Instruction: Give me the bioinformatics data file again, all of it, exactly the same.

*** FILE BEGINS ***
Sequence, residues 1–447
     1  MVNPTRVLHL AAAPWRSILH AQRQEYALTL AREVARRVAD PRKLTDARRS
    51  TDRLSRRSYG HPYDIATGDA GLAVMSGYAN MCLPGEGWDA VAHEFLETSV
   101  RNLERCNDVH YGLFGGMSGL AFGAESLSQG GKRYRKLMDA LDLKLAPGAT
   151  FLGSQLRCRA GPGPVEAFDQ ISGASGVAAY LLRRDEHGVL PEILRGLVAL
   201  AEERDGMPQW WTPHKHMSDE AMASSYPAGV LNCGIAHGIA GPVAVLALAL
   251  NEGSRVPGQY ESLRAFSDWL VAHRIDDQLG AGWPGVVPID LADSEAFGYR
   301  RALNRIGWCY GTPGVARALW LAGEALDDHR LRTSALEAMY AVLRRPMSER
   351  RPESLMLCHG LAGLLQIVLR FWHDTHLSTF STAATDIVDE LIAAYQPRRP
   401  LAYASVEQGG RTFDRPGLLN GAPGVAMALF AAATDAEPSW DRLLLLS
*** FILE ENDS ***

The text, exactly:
Sequence, residues 1–447
     1  MVNPTRVLHL AAAPWRSILH AQRQEYALTL AREVARRVAD PRKLTDARRS
    51  TDRLSRRSYG HPYDIATGDA GLAVMSGYAN MCLPGEGWDA VAHEFLETSV
   101  RNLERCNDVH YGLFGGMSGL AFGAESLSQG GKRYRKLMDA LDLKLAPGAT
   151  FLGSQLRCRA GPGPVEAFDQ ISGASGVAAY LLRRDEHGVL PEILRGLVAL
   201  AEERDGMPQW WTPHKHMSDE AMASSYPAGV LNCGIAHGIA GPVAVLALAL
   251  NEGSRVPGQY ESLRAFSDWL VAHRIDDQLG AGWPGVVPID LADSEAFGYR
   301  RALNRIGWCY GTPGVARALW LAGEALDDHR LRTSALEAMY AVLRRPMSER
   351  RPESLMLCHG LAGLLQIVLR FWHDTHLSTF STAATDIVDE LIAAYQPRRP
   401  LAYASVEQGG RTFDRPGLLN GAPGVAMALF AAATDAEPSW DRLLLLS